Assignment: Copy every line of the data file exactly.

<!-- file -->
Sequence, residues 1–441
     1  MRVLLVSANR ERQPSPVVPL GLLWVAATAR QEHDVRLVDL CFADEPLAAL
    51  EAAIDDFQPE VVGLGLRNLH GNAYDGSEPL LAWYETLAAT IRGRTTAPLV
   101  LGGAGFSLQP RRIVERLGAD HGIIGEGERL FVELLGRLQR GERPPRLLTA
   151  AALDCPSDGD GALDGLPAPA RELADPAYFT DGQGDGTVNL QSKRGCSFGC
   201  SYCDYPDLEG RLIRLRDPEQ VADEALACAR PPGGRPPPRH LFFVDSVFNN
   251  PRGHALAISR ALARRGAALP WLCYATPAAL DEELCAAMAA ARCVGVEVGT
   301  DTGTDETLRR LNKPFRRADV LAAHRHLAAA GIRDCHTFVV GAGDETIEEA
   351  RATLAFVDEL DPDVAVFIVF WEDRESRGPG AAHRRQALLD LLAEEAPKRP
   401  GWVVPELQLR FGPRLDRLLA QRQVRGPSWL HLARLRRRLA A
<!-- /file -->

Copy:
Sequence, residues 1–441
     1  MRVLLVSANR ERQPSPVVPL GLLWVAATAR QEHDVRLVDL CFADEPLAAL
    51  EAAIDDFQPE VVGLGLRNLH GNAYDGSEPL LAWYETLAAT IRGRTTAPLV
   101  LGGAGFSLQP RRIVERLGAD HGIIGEGERL FVELLGRLQR GERPPRLLTA
   151  AALDCPSDGD GALDGLPAPA RELADPAYFT DGQGDGTVNL QSKRGCSFGC
   201  SYCDYPDLEG RLIRLRDPEQ VADEALACAR PPGGRPPPRH LFFVDSVFNN
   251  PRGHALAISR ALARRGAALP WLCYATPAAL DEELCAAMAA ARCVGVEVGT
   301  DTGTDETLRR LNKPFRRADV LAAHRHLAAA GIRDCHTFVV GAGDETIEEA
   351  RATLAFVDEL DPDVAVFIVF WEDRESRGPG AAHRRQALLD LLAEEAPKRP
   401  GWVVPELQLR FGPRLDRLLA QRQVRGPSWL HLARLRRRLA A